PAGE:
Tuesday, February 3, 2009

Ice Storm 2009

The past week has been taken up with stories about the woes of this year's ice storm. We were some of the lucky ones, we lost no power... this year.

In 2003, it was a different story. That year we were living in our old house, a little closer to downtown, on a quiet side street with some old trees. When the storm hit we figured that we would be all right because the house was brick-solid brick- and we had gas heat. In the middle of the night when the rain switched to freezing rain and the basement sump pump was working off and on, then the power went out. As soon as the daylight arrived I made my way to the home store and came back with a generator, quickly assembled it and ran an extension cord to the sump. while the basement drained an dried , we called an electrician to install an outlet for the thermostat circuit and plugged in the generator. With heat restored, we ran a few more extension cords, set up a light in the kitchen to cook by, a TV for information and lit several candles in the other rooms for light. This set-up let us hold out for 8 days and we were some of the last ones to get our power back. It was then that we started looking into placing electric lines underground.

Lexington has had all electric subdivisions for some time and they have their service supplied underground. Even where I live now is set up that way, but just last year a squirrel tripped a breaker on the line and knocked out about 12 units here. Mrs. Sweeper and I believe that there has to be a way to retrofit the older, well treed areas, so as to have the electric buried underground.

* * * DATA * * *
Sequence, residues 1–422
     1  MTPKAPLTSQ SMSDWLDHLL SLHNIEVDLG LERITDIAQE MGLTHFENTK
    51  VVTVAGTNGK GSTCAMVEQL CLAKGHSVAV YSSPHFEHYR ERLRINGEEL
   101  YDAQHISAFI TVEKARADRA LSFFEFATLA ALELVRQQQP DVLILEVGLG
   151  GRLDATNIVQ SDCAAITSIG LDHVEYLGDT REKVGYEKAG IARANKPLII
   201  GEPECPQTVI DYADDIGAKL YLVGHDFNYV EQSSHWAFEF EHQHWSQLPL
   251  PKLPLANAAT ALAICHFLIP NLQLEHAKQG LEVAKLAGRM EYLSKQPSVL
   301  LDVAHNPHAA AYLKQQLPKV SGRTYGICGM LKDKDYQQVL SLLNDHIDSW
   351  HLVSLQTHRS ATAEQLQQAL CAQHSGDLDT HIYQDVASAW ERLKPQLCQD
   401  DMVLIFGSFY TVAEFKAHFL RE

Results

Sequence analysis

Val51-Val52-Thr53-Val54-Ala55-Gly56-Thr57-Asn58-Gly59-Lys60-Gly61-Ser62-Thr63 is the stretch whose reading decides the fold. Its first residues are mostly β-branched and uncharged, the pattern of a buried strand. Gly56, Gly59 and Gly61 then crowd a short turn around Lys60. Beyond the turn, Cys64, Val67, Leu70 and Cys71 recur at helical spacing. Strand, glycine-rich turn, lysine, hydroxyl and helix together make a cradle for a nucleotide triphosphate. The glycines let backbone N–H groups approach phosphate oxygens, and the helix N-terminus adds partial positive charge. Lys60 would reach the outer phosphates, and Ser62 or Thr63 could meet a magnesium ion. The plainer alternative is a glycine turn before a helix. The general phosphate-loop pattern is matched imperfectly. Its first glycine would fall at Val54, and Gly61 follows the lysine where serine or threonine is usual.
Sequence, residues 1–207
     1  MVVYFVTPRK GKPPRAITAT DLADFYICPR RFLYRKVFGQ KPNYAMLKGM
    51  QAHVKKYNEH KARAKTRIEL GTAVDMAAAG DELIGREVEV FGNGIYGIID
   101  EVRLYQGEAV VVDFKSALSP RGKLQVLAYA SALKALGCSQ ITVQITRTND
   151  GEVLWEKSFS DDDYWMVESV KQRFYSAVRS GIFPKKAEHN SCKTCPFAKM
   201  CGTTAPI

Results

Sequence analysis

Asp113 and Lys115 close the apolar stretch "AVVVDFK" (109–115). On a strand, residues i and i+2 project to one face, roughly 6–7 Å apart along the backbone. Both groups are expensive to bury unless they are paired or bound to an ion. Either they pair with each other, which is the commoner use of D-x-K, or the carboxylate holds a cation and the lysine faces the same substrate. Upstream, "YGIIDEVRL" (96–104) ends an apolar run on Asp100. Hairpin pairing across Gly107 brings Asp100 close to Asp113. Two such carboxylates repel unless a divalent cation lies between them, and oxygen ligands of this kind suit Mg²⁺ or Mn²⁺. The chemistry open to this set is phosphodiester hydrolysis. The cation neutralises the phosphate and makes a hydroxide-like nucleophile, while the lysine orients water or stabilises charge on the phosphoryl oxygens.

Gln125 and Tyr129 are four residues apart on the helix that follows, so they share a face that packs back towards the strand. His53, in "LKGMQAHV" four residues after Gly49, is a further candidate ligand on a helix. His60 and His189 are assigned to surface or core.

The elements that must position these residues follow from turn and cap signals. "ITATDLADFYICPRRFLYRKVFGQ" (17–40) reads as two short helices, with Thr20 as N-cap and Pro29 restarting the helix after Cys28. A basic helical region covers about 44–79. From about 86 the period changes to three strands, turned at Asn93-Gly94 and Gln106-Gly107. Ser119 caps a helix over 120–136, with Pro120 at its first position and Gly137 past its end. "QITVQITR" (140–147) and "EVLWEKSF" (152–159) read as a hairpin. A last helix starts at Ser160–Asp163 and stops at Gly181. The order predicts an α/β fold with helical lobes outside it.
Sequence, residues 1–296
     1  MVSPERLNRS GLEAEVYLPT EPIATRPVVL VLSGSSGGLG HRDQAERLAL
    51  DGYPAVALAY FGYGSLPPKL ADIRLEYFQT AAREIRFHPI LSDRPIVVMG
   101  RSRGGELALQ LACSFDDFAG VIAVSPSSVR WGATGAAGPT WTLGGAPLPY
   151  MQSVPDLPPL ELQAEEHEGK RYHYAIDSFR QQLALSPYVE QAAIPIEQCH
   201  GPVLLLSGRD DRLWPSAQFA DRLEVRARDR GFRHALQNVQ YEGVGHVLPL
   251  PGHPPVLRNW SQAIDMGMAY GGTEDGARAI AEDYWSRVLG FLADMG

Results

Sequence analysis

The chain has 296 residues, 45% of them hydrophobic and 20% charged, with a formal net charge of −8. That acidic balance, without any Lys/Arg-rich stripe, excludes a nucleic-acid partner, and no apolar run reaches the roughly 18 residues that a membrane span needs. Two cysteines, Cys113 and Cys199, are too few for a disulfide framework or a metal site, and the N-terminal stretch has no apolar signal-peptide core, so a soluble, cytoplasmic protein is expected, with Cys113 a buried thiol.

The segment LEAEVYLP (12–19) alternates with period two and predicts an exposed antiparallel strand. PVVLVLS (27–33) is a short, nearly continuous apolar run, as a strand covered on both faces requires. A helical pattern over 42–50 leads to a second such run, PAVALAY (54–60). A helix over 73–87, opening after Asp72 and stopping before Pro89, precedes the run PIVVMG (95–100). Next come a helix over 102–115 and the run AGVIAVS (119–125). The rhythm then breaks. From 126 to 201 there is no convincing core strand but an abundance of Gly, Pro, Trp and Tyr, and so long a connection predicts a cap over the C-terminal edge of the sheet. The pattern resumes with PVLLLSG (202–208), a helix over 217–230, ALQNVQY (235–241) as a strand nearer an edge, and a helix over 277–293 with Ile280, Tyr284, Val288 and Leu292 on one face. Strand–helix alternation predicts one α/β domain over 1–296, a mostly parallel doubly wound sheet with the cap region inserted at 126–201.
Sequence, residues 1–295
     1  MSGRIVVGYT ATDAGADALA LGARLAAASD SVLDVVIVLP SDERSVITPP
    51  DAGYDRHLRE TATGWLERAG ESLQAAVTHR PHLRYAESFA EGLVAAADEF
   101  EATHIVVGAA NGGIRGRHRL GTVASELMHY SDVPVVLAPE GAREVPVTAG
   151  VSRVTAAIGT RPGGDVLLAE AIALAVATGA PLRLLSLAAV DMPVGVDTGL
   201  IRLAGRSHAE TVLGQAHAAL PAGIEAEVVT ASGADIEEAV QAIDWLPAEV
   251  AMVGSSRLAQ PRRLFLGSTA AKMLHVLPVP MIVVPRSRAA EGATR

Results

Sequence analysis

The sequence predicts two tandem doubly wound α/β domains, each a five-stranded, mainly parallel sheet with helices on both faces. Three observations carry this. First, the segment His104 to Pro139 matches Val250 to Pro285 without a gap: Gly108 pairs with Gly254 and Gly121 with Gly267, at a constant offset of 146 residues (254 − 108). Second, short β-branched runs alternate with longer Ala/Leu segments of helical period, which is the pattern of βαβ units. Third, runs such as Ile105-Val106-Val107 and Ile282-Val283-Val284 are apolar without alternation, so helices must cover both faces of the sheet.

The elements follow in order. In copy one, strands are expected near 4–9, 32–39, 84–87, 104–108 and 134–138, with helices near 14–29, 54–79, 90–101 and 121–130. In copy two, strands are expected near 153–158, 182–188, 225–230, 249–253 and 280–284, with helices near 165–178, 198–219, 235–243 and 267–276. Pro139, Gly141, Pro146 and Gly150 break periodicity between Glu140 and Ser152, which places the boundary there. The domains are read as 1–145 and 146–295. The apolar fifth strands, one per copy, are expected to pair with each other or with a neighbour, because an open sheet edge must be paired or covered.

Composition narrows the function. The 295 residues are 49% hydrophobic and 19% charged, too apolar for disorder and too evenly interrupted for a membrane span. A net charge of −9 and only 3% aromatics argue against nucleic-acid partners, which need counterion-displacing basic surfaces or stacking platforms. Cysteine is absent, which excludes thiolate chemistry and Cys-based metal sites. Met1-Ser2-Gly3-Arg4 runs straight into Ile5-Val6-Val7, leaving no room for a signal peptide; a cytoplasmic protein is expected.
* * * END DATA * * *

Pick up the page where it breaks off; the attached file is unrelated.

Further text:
I know that it would be expensive to do a retrofit for all of Lexington, but if we took all the overtime and cost of calling in repair crews from out of state, applied it to a systematic effort to do the retrofit, then the city would fare better during the next ice event.

From the reports I have read from Louisville, the power was restored much faster across the river in Indiana. Their power company is said to have a much more responsive attitude and a much friendlier web site.

Lexington has made great progress toward being a very tree friendly city and has been named a Tree City USA. We have a strong street tree ordinance and a good tree preservation record even though there are fights over some significant examples. There is a price to be paid for being a Tree City USA and it is not always the trees that pay it, sometimes it is the residents.

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